Are they singing along?

Pr. 25:20:  “Like one who takes away a garment in cold weather, and like vinegar on soda, is one who sings songs to a heavy heart.”

This is an interesting verse.  Of course we want to cheer up those around us who have a heavy heart, but this verse is speaking more about not showing a caring attitude toward those around us who are hurting.

When we were camping a few weeks ago, there was one night when I was so cold that I couldn’t sleep.  At some point, my husband became aware of how cold I was and he gave me his toboggan.  Normally, I would have tried to refuse, worrying that he might need it; however, that night I was so cold I was almost in pain and I certainly wasn’t sleeping at all.  I accepted the toboggan with only an intense thank you.

Him giving me that garment when I needed it most was like such a relief, and was the start of a more restful and pleasant night.

Most of us care.  I have no doubt that most of us care enough to try to offer help and encouragement to someone who is hurting or in need.  Sometimes, however, we can be moving so fast or be so consumed in our own affairs that we maybe don’t notice their pain.  When we’re singing our songs of cheer, it’s good to take notice if those around us aren’t singing along.  If we recognize a long face in the presence of our cheer, we may need to stop and find out if there is some encouragement needed.

We don’t want people to think we don’t care.  Of course we don’t want them to hurt.  It’s certainly ok for sing songs of cheer; however, upon noticing a heavy heart around us, we need to be quick to show concern and to offer a warm garment of encouragement.  It may just be the start of a more restful and pleasant pilgrimage.

Carrying an extra garment,

jamie

Advertisements

The protection of a loving Father

Pr. 19:16:  “He who keeps the commandment keeps his soul, but he who is careless of his ways will die.”

Usually, we are the laid-back kind of parents who not only allow their kids to play in rain puddles, but enjoy watching them do so.  We let our kids climb on rocks and walk across things as though those things are balance beams.  We don’t mind when our kids jump off of things, etc.

When we got to Niagara Falls earlier this month; however, all that changed.  As parents, we noticed the strong presence of slippery surfaces all around that park.  Since it was our goal to have an injury-free vacation, our easygoing attitudes turned a bit more tense.

Our kids weren’t being overly careless when they tried to climb and walk on the rocks at Niagara.  They weren’t trying to get hurt when they wanted to run on the water-soaked steps at the bottom of falls.  They’re just kids and they can’t yet see around all the corners.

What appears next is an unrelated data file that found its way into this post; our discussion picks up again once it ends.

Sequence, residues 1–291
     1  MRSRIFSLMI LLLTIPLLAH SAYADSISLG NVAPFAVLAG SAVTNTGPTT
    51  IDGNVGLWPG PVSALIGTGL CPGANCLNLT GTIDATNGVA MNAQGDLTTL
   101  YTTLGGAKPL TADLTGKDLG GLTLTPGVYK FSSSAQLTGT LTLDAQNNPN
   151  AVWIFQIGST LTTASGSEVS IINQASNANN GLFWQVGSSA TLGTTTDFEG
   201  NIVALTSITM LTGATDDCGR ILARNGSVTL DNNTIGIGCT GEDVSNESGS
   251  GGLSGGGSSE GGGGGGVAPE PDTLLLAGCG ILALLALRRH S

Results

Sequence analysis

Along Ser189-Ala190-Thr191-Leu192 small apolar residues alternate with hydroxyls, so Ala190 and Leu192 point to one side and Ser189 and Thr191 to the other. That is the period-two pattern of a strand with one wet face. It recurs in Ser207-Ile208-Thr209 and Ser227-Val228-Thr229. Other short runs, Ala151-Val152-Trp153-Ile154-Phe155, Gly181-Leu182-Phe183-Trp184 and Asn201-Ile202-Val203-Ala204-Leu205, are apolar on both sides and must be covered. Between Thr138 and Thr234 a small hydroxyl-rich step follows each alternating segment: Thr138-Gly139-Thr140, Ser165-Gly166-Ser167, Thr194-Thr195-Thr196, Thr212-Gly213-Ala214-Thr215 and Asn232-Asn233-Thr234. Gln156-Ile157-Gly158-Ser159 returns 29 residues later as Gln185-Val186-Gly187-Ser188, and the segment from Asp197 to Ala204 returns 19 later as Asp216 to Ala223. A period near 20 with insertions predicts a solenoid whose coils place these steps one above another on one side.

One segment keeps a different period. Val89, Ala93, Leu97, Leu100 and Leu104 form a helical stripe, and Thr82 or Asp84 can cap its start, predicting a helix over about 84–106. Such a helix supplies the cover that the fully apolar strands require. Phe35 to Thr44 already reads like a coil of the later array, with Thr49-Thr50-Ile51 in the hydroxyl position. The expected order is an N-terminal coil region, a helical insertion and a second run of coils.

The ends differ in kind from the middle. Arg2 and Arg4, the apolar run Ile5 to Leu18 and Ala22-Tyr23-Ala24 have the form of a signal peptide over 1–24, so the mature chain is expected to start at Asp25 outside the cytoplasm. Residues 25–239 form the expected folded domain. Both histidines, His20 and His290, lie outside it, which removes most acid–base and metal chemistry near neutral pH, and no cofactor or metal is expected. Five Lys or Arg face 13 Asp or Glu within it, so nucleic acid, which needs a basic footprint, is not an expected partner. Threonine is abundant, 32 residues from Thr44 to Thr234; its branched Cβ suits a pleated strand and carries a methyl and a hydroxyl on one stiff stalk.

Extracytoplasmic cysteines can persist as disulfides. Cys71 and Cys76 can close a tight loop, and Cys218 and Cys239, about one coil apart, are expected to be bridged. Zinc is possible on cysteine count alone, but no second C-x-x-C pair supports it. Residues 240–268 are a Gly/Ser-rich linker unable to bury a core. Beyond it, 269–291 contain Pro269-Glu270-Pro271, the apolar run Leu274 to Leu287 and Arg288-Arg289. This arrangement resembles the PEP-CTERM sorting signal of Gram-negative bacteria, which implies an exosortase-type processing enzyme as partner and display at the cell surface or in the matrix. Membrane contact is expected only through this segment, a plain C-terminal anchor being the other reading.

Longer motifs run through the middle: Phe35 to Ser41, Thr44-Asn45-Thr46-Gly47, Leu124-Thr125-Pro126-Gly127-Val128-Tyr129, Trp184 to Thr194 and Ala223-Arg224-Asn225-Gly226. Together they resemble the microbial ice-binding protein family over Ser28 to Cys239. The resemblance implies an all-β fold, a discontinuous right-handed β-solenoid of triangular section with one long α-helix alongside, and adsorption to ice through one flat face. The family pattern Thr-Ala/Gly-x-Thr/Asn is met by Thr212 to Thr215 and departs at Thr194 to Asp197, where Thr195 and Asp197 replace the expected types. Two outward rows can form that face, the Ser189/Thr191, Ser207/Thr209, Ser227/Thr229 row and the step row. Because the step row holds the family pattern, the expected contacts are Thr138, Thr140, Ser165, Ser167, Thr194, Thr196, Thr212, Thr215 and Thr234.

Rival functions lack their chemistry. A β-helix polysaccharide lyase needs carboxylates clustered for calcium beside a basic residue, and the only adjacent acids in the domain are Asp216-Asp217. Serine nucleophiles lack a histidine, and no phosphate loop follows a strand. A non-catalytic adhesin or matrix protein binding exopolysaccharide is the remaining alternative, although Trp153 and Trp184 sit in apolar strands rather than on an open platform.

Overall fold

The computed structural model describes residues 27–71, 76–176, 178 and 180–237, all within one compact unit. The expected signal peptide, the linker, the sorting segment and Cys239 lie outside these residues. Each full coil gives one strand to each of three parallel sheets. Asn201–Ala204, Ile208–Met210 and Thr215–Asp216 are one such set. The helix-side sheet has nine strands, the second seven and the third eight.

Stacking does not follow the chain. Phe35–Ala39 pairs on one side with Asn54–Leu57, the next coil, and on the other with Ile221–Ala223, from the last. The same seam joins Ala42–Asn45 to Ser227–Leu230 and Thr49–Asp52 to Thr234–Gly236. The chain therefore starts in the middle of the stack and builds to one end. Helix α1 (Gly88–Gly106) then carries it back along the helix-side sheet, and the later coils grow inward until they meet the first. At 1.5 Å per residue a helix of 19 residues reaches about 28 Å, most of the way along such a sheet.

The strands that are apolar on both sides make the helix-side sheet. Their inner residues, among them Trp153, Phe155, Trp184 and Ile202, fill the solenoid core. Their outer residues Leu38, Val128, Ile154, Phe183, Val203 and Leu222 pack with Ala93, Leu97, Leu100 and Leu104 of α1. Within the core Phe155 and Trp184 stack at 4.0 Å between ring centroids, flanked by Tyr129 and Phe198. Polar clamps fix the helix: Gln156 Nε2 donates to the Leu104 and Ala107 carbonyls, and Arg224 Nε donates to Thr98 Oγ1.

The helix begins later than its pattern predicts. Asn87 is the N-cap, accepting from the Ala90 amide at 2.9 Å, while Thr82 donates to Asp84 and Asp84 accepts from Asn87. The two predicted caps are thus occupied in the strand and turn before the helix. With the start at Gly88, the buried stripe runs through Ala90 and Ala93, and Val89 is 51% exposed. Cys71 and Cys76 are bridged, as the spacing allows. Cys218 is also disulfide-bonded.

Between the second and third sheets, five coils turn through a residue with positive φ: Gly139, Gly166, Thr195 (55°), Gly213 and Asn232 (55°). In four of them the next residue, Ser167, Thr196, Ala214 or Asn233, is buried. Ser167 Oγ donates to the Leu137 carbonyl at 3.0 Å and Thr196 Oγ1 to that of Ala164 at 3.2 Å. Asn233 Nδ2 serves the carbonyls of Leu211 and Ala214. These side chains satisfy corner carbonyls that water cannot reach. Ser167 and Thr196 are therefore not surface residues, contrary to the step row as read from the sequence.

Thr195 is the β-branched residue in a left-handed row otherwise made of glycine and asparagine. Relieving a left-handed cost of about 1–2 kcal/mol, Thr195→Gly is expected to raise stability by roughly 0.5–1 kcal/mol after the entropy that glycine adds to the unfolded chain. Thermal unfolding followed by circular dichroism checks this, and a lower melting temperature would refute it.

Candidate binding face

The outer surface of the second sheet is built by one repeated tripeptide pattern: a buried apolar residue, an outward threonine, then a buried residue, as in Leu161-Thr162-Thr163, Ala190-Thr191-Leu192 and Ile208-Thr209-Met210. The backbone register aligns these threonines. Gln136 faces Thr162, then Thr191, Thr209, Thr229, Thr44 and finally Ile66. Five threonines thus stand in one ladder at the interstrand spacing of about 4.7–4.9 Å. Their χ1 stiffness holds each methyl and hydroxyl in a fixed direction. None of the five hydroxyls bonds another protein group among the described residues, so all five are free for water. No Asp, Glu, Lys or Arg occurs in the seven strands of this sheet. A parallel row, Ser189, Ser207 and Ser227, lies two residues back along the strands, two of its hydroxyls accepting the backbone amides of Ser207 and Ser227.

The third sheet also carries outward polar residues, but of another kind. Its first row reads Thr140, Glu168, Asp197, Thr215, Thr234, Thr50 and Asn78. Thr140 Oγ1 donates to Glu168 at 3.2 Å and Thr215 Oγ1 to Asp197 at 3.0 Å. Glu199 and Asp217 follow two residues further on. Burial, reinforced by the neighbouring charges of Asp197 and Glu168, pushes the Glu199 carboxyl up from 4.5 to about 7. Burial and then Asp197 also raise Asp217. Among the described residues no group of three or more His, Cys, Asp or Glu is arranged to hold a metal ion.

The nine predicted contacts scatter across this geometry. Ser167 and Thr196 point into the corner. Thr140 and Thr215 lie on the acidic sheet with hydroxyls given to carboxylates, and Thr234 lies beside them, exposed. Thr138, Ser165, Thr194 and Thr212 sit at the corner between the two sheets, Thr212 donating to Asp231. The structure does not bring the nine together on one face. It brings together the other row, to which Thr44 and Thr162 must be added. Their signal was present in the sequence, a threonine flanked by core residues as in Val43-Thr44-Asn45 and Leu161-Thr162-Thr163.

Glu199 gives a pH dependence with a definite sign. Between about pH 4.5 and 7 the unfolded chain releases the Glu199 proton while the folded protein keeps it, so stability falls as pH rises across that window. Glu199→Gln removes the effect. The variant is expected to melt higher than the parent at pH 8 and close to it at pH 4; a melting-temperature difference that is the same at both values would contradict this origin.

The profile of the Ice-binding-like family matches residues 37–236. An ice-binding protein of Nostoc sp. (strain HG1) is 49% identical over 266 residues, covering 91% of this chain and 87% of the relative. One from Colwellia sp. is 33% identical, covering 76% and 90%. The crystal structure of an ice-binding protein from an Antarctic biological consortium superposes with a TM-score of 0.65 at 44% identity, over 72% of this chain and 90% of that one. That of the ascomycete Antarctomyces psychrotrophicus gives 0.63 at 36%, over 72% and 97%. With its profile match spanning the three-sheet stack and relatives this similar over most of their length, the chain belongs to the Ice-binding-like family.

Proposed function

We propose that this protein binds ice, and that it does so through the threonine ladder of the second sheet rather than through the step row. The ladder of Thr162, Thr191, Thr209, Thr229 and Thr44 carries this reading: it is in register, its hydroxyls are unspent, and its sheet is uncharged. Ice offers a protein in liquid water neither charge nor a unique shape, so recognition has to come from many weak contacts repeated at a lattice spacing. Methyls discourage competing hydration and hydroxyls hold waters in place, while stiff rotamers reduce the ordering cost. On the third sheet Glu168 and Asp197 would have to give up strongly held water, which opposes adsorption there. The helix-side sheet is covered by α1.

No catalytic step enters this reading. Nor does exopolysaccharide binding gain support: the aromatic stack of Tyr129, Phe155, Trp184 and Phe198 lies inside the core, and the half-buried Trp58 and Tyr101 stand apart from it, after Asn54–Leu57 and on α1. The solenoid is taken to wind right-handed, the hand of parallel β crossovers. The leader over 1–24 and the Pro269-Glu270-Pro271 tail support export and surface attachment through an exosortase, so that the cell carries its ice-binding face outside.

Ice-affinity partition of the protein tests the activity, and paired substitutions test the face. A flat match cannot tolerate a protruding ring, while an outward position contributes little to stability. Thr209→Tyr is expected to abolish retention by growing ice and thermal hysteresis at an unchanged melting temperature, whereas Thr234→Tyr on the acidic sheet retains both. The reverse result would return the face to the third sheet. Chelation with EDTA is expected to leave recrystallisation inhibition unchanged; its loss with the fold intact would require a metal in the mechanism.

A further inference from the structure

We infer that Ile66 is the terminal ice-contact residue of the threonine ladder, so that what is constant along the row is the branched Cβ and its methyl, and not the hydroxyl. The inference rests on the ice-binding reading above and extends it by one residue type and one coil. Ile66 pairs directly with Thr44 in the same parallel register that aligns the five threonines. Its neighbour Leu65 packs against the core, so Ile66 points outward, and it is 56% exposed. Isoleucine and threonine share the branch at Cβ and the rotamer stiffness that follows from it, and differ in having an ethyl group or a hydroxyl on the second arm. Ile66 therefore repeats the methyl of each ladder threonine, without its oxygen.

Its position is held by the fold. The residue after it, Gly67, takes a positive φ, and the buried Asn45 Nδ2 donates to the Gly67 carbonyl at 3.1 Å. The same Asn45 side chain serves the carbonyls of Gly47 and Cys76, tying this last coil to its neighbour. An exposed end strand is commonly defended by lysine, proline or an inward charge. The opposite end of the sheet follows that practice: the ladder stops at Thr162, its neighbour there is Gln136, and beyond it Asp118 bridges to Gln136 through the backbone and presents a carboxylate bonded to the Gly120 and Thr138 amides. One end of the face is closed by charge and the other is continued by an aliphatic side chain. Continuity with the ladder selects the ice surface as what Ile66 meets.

It’s our job, as their guardians, to set them up for success.  A desire to not see them injured meant that we had to be a bit more strict with our rules.

This verse reminds me of how God protects us.  He has given us commandments to keep us safe and set us up for success.  He wants not just abundant life for us, but also eternal life.  Even when we’re not intentionally being careless, His loving protection is already in place to keep us safe.

His commandments will also help us in those moments when we feel like being intentionally careless.  He doesn’t tell us not to steal just to keep us bound.  There are consequences to stealing, and following His commandments will keep us from those consequences.

Isn’t He good?  Just as we didn’t want our kids to be injured, break bones, or die on the slippery rocks of our vacation world, God doesn’t want us to be injured, become broken, or die here in this world.  He is a loving Provider, caring for His own.

Thank you, Lord, for preparing my way, directing my steps, and giving me wise guidance along the way.  As much as I’ve already been hurt, I can’t imagine how much worse it would have been without You.  I am glad You are a Father who cares. 

Thankful for His commandments,

jamie

Keeping calm because you understand

Pr. 17:27:  “He who has knowledge spares his words, and a man of understanding is of a calm spirit.”

Sometimes it’s what we don’t say that makes all the difference.

Although we aren’t “rebel-rousers,” getting into all kinds of mischief, Donnie and I upset someone on our vacation last week.  We apparently broke a rule, and boy did the person in charge get upset.

At first we thought he was just letting us know, since it was clear that we were unaware.  By the time he got done talking at us, he was so upset that he called the police.  Donnie’s version of this story is different than mine…apparently there were lots of words that Donnie spared when we were confronted by this man.  I was kind of in shock at the level of anger he was displaying.